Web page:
The London based campaign against Ahava compliments a larger international campaign against the company which mis-labels it’s products “Dead Sea: Israel”. Protests against Ahava have taken place in the US, Canada, Denmark, the Netherlands and France [1], with the French collective CAPJPO (Coordination pour une Paix Juste au Proche Orient) bringing the case against Ahava to French courts [2].

Irregular protests had taken place outside the shop over the course of 2009, including the first ever blockade [3] in the midst of Operation Cast. In September 2009[4] two protestors went into the shop and locked onto a concrete block to prevent them being moved, in December 2009 [5] the action was repeated.  However it was in 2010 that the campaign really gathered momentum and has seen protests take place outside the Covent Garden shop on a fortnightly basis. In addition, the actions have been supplimented by formal complaints to Camden Trading Standards calling for investigations, formal complaints to police, parliamentary questions and lobbying of MPs.

The campaign incorporates a wide number of organisations inclusive of ISM-London, Palestine Solidarity Campaign, Jews for Boycotting Israeli Goods, Jewish Anti-Zionist Network, Kings College Palestine Solidarity, and many others. What the blockaders set out to accomplish was what the government, Camden Trading Standards and the police have so far refused to do; stop the trade in illegal settlement goods. They are now due in court to prove their actions were justified.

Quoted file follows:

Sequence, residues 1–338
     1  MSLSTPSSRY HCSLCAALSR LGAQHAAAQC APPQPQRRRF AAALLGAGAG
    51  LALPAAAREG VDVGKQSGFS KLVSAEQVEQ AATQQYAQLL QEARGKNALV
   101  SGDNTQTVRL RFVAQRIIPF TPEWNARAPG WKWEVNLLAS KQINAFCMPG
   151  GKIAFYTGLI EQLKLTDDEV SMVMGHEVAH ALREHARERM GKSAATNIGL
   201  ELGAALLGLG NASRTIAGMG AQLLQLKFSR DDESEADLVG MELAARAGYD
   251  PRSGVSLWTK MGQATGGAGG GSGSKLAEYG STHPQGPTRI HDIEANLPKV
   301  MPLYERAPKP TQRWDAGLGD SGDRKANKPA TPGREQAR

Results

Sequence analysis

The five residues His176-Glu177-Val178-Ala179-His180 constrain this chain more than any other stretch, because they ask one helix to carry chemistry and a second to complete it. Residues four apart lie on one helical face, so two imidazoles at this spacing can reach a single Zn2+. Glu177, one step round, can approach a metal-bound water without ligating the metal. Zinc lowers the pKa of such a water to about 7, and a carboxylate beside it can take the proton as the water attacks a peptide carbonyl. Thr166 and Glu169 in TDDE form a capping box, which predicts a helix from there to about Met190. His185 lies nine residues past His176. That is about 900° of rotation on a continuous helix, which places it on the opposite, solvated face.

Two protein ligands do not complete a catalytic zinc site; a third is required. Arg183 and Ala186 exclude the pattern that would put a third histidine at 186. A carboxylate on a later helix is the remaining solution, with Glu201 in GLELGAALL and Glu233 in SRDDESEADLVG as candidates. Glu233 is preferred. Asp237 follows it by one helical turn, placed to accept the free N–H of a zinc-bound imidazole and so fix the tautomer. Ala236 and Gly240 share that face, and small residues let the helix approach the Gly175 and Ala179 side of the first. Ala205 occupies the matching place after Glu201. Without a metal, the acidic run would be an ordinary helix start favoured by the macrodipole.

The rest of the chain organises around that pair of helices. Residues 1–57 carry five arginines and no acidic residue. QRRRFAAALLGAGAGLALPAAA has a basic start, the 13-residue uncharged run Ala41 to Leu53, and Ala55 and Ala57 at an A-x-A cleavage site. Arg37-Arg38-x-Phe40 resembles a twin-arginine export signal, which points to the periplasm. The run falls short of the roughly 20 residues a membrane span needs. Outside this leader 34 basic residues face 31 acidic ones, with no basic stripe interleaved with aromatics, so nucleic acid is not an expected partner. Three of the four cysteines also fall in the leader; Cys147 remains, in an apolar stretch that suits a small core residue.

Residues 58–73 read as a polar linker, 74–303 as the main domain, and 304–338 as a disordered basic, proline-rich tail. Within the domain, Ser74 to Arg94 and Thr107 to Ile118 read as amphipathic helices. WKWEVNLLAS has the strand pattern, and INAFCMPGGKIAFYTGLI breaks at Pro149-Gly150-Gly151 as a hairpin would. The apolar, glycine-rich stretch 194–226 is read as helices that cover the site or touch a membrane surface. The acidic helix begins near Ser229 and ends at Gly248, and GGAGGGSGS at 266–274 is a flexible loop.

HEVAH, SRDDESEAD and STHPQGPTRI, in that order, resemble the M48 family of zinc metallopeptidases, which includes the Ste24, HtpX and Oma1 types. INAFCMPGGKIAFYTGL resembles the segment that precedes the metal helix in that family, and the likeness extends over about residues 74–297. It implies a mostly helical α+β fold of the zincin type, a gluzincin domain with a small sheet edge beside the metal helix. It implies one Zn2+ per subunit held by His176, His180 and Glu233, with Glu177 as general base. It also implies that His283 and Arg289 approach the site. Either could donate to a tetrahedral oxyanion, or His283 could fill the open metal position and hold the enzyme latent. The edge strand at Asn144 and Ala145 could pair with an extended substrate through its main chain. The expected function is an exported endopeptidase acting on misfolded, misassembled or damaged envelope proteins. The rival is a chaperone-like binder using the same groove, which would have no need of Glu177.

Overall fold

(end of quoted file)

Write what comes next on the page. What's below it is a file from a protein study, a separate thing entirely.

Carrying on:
In response to the forthcoming court case a large demonstration has been called for the 14th August from 12 noon till 2pm. Bringing together concerned people to send a clear message regarding the ongoing trade in settlement produce and Israeli produce in general. More information on the trial and what comes from it will be posted in the forthcoming week so do look out for notifications.


Ahava’s products are manufactured on the Israeli settlement of Mitzpe Shalem and where the factory is a cooperative integral to the settlement, consequently profits go towards making the illegal settlement financially viable. Where the Fourth Geneva Conventions state that it is illegal for an occupying power to transfer civilian population into an occupied territory, and that an occupying power must not appropriate natural resources from an occupied territory, Ahava’s business practices thus serve to violate international law. Additional information on Ahava can be found here [6].

Furthermore, Ahava’s business practices are due to come before the Russell Tribunal on Palestine which will next convene in London in November 2010. The peoples tribunal will place the company’s actions within the context of international law and consider its complicity in possible war crimes

The BDS initiative [7] was born in 2005 through a call by Palestinian civil society groups and organisations seeking a global non-violent means to challenge the illegal Israeli occupation of Palestine. It has been taken up by numerous groups and organisations internationally and has become a unifying global movement for those seeking justice for Palestine.

Ahava, 39 Monmouth Street, Covent Garden, London , WC2H 9DD